A haul of 400 fake Nokia phones was seized by Her Majesty's Revenue and Customs (HMRC) as they passed through Heathrow Airport. Nokia confirmed that they were fakes and asked HMRC to impound them under the Counterfeit Goods Regulations.
The phones, though, were only in transit, travelling from Hong Kong to Colombia, both outside of the EU. HMRC refused to impound the phones because trade mark infringement could only have taken place if trading had taken place, and that was only possible if the goods had been put on the market.
When Nokia sued, the High Court backed HMRC.
"Infringement of registered trade mark requires goods to be placed on the market and that goods in transit and subject to suspensive customs procedures do not, without more, satisfy this requirement," said Mr Justice Kitchin in the ruling. "A mere risk that the goods may be diverted is not sufficient to justify a conclusion that the goods have been or will be put on the market."
The High Court said that the Regulations did allow the impounding of goods if there was a risk that they would end up on the open market in the EU, but said that this was clearly not the case here.
"I have no evidence before me to suggest that there is any real prospect of the illicit diversion onto the market in the Community of goods which are in transit through the UK," he said.
The UK Regulations are derived from an EU regulation. Nokia has appealed the High Court ruling and the Court of Appeal has asked the EU's highest court, the Court of Justice, to decide whether or not fake goods in transit through the EU from one non-EU country to another can be seized by customs authorities.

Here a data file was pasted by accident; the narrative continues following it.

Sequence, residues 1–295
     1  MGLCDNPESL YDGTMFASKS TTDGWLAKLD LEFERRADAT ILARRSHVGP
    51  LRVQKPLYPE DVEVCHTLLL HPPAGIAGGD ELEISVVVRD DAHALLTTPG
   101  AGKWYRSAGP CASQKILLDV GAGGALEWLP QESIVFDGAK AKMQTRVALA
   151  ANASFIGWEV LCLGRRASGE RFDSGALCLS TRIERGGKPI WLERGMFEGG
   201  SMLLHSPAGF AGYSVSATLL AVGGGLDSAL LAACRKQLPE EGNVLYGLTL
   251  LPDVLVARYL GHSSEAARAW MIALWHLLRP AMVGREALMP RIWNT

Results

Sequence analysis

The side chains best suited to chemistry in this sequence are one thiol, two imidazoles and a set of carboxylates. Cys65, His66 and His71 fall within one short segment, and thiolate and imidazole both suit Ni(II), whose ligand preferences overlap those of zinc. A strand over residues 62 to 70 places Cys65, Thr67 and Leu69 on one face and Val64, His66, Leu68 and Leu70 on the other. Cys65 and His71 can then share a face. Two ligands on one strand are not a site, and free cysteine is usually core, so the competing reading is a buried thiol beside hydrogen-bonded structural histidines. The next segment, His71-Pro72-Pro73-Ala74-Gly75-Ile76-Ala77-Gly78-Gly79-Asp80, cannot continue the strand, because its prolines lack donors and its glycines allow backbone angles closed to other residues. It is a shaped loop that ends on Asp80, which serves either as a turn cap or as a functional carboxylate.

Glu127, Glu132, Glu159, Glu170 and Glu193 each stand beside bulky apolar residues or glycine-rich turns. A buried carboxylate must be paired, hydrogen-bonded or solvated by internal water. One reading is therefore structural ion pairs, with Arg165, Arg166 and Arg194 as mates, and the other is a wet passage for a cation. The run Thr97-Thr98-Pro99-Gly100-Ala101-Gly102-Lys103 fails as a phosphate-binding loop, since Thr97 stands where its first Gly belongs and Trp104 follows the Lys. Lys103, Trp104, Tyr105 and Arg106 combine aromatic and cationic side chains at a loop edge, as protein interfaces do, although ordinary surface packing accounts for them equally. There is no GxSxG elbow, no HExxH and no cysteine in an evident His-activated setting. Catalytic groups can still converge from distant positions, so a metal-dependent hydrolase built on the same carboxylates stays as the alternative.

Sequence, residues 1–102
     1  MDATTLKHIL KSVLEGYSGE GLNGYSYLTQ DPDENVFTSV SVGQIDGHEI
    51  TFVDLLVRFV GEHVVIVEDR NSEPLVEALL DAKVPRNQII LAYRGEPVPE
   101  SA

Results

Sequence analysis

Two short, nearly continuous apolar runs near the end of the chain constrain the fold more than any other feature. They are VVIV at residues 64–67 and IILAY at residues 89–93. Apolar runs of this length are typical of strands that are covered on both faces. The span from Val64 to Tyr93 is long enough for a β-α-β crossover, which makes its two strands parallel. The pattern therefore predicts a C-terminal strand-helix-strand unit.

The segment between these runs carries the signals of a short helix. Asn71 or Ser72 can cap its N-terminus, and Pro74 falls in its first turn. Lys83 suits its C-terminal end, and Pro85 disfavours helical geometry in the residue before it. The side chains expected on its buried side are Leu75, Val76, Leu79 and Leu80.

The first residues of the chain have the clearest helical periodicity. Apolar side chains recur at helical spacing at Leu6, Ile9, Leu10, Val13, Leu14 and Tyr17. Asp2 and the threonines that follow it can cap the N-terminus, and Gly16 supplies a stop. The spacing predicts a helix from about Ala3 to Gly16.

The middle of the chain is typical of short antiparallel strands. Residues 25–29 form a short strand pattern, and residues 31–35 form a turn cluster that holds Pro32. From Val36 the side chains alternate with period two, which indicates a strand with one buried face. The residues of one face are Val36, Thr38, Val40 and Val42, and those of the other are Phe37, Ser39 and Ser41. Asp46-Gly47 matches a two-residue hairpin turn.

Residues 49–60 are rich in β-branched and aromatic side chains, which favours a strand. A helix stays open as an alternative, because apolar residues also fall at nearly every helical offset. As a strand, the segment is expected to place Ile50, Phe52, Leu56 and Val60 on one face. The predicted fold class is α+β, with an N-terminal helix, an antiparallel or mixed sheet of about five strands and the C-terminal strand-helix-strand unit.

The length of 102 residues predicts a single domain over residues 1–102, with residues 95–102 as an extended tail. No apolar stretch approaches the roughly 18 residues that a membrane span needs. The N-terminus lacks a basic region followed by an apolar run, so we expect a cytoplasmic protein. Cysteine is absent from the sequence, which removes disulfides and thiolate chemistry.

The question that has been referred to the Court of Justice is: "Are non-Community goods bearing a Community trade mark which are subject to customs supervision in a Member State and in transit from a non-Member State to another non-Member State capable of constituting 'counterfeit goods' within the meaning of Article 2(1)(a) of Regulation 1383/2003/EC if there is no evidence to suggest that those goods will be put on the market in the EC, either in conformity with a customs procedure or by means of an illicit diversion?"
Though he ruled against Nokia in the High Court Mr Justicte Kitchin used that ruling to call for a change to the law to allow the impounding of fake goods even if they are never intended for sale within the EU.
"I recognise that this result is not satisfactory. I can only hope it provokes a review of the adequacy of the measures available to combat the international trade in fake goods by preventing their transhipment through Member States," he said.
John MacKenzie, an intellectual property law expert at Pinsent Masons, the law firm behind OUT-LAW.COM, said that the case highlighted the growing number of fronts companies faced in their battles against counterfeits.
"The referral illustrates the challenges of operating on a global basis. Brand owners now have to be alive to goods not just landing in their territory but also going through their territory," he said.
HMRC last year changed its policies on the seizure of counterfeits after it was advised that it had not been complying with EU rules on the impounding of goods.
After a court defeat, HMRC said that it would only be able to impound goods for more than 10 days when the brand owner had begun court proceedings against whoever had imported them.